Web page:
At first I wondered how far a story from the point of view of a swearing cockney dog could go.
At least across post-apocalyptic London.
The Last Dog on Earth is told mostly from the point of view of Lineker the dog, but alternates between him and the journal of his cripplingly shy owner, Reginald Hardy.
Linekker calls him “Two-Plates.” Two Plates – Plates of Meat – Feet. Two Feet. Cockney rhyming slang is simple?!
I have to say of the two, Lineker is the most interesting. Once he got inside my head, I couldn’t stop imagining what it would be like to think like a dog:
“I’m skittering and sliding, halfway across the floor before I even know I’ve left my bed. And he’s rubbing his hairy face and scratching that huge arse of his, releasing that heavenly aroma of salt, peat and tripe that’s all for me and before he knows what’s happening I’m in the air and bouncing at him – bounce, bounce, bounce until he gets down and gives me a scratch…face-to-face so I get the sweet fog of his breath, a rich soup of saliva and half-digested food that’s been marinating beautifully for the last eight hours. And it’s too much, I just have to lick him…” (p.3)
The clever way that Adrian J. Walker describes a dog’s consciousness had me believing it.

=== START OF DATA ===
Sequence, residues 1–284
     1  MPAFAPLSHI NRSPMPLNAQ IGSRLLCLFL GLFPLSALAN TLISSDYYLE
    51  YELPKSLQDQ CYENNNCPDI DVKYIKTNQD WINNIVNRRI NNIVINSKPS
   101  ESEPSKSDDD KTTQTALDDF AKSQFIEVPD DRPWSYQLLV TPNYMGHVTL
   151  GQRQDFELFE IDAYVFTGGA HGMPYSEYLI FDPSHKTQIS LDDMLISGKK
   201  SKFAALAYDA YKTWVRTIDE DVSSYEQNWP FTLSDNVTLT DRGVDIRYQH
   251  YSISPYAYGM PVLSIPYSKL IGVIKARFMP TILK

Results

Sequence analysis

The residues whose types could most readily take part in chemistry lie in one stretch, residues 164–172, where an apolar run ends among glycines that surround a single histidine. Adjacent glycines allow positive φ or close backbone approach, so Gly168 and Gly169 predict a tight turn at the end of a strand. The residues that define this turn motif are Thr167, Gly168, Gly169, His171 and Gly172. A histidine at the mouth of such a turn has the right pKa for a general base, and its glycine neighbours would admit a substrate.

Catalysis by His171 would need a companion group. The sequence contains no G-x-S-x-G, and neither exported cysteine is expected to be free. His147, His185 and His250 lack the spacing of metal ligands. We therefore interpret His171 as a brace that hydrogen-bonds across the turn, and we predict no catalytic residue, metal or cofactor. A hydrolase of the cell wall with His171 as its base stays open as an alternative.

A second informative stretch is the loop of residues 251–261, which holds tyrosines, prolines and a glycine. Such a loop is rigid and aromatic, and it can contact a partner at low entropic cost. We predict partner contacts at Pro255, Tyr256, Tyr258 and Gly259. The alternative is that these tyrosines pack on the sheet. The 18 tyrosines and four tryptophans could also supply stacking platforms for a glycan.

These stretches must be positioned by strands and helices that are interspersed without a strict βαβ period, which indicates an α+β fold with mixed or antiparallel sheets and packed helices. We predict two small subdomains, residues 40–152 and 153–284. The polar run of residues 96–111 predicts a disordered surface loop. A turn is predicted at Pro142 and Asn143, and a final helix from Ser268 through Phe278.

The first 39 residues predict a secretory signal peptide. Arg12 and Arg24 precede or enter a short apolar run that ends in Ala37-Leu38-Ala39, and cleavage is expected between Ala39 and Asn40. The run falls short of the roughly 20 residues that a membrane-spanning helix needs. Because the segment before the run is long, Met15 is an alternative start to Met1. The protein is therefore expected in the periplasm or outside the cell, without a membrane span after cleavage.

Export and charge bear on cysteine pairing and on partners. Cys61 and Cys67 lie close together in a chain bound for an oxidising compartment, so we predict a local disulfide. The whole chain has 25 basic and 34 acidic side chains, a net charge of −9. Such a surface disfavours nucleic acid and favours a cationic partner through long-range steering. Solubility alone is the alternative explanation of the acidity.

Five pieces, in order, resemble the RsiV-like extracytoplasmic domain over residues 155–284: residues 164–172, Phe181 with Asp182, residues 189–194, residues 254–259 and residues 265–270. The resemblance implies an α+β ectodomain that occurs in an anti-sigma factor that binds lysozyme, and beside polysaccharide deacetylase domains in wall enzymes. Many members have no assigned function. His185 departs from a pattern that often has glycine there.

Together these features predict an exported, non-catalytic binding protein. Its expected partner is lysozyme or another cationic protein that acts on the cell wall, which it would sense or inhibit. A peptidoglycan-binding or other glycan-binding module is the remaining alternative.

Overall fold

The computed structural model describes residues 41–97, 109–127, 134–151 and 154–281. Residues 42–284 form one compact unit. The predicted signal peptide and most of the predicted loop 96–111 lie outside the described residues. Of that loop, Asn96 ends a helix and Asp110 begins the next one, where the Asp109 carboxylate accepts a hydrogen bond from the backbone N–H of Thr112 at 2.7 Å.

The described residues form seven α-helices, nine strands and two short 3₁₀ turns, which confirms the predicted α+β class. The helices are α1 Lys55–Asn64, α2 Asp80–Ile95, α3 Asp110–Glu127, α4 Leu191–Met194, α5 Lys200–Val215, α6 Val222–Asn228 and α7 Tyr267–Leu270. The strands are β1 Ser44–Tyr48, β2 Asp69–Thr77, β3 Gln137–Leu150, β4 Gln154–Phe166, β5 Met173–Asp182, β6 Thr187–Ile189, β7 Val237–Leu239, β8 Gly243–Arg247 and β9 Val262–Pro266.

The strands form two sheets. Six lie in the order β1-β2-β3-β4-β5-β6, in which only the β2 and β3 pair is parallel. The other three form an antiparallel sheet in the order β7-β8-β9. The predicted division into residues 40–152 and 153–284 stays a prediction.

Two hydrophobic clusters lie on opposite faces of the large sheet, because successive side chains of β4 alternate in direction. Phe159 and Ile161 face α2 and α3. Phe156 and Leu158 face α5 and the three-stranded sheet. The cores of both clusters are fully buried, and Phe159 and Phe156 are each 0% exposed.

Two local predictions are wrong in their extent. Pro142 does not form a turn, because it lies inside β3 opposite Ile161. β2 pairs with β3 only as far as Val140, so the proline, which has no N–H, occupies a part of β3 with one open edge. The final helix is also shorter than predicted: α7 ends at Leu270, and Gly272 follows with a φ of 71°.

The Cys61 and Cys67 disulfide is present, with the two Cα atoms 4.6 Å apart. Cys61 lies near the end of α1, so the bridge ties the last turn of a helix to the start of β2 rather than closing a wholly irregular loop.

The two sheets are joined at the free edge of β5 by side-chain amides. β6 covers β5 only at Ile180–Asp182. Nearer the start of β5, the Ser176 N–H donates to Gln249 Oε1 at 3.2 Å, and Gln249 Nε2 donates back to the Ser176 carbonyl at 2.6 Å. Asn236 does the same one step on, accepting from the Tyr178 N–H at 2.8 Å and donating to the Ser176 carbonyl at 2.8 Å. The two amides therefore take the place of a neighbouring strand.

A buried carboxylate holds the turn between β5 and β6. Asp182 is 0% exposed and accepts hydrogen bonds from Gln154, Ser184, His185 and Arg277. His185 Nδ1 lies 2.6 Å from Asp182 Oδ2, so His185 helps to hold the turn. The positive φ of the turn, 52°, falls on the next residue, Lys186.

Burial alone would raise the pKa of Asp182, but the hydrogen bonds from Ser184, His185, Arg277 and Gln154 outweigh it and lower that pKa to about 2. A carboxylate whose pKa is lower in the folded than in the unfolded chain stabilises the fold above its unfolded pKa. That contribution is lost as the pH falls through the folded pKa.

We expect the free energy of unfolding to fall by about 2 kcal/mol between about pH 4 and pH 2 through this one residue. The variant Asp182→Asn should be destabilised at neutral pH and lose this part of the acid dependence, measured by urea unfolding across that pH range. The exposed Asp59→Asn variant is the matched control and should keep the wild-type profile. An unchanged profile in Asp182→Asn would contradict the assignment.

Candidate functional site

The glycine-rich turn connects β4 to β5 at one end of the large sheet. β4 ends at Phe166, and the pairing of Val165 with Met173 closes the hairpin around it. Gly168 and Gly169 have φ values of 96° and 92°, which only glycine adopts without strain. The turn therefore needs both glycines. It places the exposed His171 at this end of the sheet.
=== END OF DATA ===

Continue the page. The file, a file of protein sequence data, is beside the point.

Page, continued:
Did you know that dogs can smell history? That explains why they take so long at lampposts.
That’s not all. Lineker reckons he can smell your dreams, too; memories; “the bone-bag abandoned on the moor,” and fear. Fear smells like voles.
Squirrels? Oil and eggs, of course. And spices – “like ants exploding up my nose” (p.4).
The good people of London have been betrayed by their affiliations on social media. The tension builds as Reg and Lineker attempt to take a little girl to safety, crossing the lines of two factions fighting for control and discovering a group of resistors.
But first, Reg has to get up the gumption to leave his secure little nest. And his fear of people touching him.
Walker uses a bird motif to great effect through the story. Poetic, this links events and is a vehicle for Lineker’s longing to escape the confines of regularity to explore the wildness of life.
Filled with “good bits” and “bad bits” poignant and pondering between small bouts of brutality, The Last Dog on Earth is also laugh out loud funny.
The Dog muses on the human condition since wolves came down from the hills to join the human’s campfires; his adoration for his master, and food, among other things:
“I stand on the brink of this new world of breakfast, trembling like a pilgrim father in the waters of Cape Cod. And then it comes and the smell smashes into me…my bowl’s on the floor and I’m in it, chomping it, inhaling it. By the time it’s done, I can barely remember who I am or what it was I just ate…”
Walker played with my expectations at the end, delivering a twisted conclusion. I could have (almost) killed him.
Happy Year of the Dog!